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Il-Hyun talked about the problems associated with learning analytics in a country where grades are allocated in relation to a normal distribution curve – so if one student’s grades go up, another student’s grades will go do – and where competition to enter universities is so intense that retention is not viewed as a problem.
While I was in Montevideo, at the invitation of Plan Ceibal, I was interviewed about learning analytics. This playlist of four short videos (subtitled in Spanish) deals with the potential of Big Data to improve learning, how The Open University has used learning analytics, and the work of the LACE and LAEP projects.
I talk about how analytics can be used to identify when students are dropping behind, how they can be used to identify successful routes through courses, and how they can identify types of learning design that lead to student success.
I note that the supply of learning analytics is growing, but it is not clear that the demand is growing in the same way. Researchers and developers need to engage more with educators at every stage in order to identify the problems they need to be solved and the questions that they need to have answered.
I also talk about the need to align learning analytics with strategic priorities for education and training, not only at institutional level, but also at national and international level.
My videos are followed in the playlist with videos from Professor Dragan Gasevic, chair of the Society for Learning Analytics (SoLAR).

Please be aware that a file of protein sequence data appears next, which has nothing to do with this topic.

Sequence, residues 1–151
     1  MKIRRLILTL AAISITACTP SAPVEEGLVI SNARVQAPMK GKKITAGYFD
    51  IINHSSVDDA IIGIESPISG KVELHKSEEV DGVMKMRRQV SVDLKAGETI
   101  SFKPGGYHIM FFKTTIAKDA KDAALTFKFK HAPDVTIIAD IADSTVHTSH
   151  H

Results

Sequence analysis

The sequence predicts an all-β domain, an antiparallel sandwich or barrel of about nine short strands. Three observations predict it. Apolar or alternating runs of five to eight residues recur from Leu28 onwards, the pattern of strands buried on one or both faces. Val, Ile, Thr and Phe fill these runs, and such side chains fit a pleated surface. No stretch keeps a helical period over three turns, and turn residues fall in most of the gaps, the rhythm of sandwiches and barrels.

I was recently invited to Stockholm, to speak at the ‘Rethinking Education‘ conference run by the Ratio Institute. The conference objective was ‘to focus on the need to design for the future education and skills systems that enable young people and adults to develop the knowledge and skills needed in the labour market, as well as for personal development and important societal goals.’
My focus was on the benefits and challenges offered by MOOCs, with particular reference to FutureLearn.
This is a press release released by The Open University at the end of January, concerning my colleague and line manager, Professor Eileen Scanlon.
Her Majesty the Queen has bestowed upon the OU a Regius Professorship in Open Education to mark the Diamond Jubilee.
A Regius Professorship is a rare privilege, with only two created in the past century. It is a reflection of the exceptionally high quality of teaching and research at an institution.
The OU Regius Chair in Open Education is located in the Institute of Educational Technology and recognises the work of Professor Eileen Scanlon, who will be its first incumbent.
Eileen is an internationally recognised luminary in the field of educational technology and public understanding of science. With over 37 years of service to the OU, Professor Scanlon has driven up standards of open education across the world through intelligent use of technology, combined with impeccable pedagogic insight, and has exerted a major impact on the direction of OU research in these areas.
The Institute of Educational Technology is at the hub of the OU’s continuing research into, and development of, the latest open educational technologies for learning and teaching, enabling the University to do what it does best and deliver quality at scale. This is also a particularly fitting way of recognising Harold Wilson’s 50th anniversary of the announcement of a ‘University of the Air’.
IET is one of twelve University departments to have been awarded this prestigious award. All entries were assessed by an expert panel which included eminent academics led by Sir Graeme Davies, former Vice-Chancellor of the University of London.
This award is particularly significant for both the OU and Professor Scanlon, as only two others have been awarded a Regius Professorship in the last century, to mark the 200th anniversary of the birth of Charles Darwin. Before then, the most recent Regius Professorship was created by Queen Victoria.